Osteoporosis is a disease that thins and weakens the bones to the point that they become fragile and break easily. Women and men with osteoporosis most often break bones in the hip, spine, and wrist, but any bone can be affected. People can’t “catch” osteoporosis or give it to someone else. Osteoporosis is often called “silent” because bone loss occurs without symptoms. People may not know that they have osteoporosis until a sudden strain, bump, or fall causes a bone to break. This can result in a trip to the hospital, surgery, and possibly a long-term disabling condition.
Causes of Osteoporosis
Many risk factors can lead to bone loss and osteoporosis. Some of these things people cannot change and others they can. Risk factors people cannot change include:-
• Gender:- Women get osteoporosis more often than men.
• Age:- The older people are, the greater risk of osteoporosis.
• Body size:- Small, thin women are at greater risk.
• Ethnicity:- White and Asian women are at highest risk. Black and Hispanic women have a lower risk.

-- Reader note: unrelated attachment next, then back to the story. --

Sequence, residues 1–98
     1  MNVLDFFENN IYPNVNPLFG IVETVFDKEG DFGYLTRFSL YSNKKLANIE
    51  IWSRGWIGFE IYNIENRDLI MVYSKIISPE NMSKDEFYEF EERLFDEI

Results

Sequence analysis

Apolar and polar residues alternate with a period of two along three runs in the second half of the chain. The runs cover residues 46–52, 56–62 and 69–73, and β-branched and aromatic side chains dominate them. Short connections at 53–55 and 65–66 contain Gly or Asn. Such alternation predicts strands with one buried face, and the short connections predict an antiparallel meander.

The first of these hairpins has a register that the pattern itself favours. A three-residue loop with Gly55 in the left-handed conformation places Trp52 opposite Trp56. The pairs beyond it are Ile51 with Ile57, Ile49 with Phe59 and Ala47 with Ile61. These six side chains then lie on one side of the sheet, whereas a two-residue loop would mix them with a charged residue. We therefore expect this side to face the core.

• Family history:- Osteoporosis tends to run in families. If a family member osteoporosis or breaks a bone, there is a greater chance that people will too.
Other risk factors are
• Anorexia nervosa:- This eating disorder can lead to osteoporosis.
• Calcium and vitamin D intake:- A diet low in calcium and vitamin D makes you more prone to bone loss.
• Medication use:- Some medicines increase the risk of osteoporosis.
• Activity level:- Lack of exercise or long-term bed rest can cause weak bones.
• Smoking:- Cigarettes are bad for bones, and the heart, and lungs, too.
• Drinking alcohol:- Too much alcohol can cause bone loss and broken bones.
Symptoms of Osteoporosis
There typically are no symptoms in the early stages of bone loss. But once bones have been weakened by osteoporosis, you may have signs and symptoms that include:-
- Back pain, caused by a fractured or collapsed vertebra.
- Loss of height over time.
- A stooped posture.
- A bone fracture that occurs much more easily than expected.
Prevention of Osteoporosis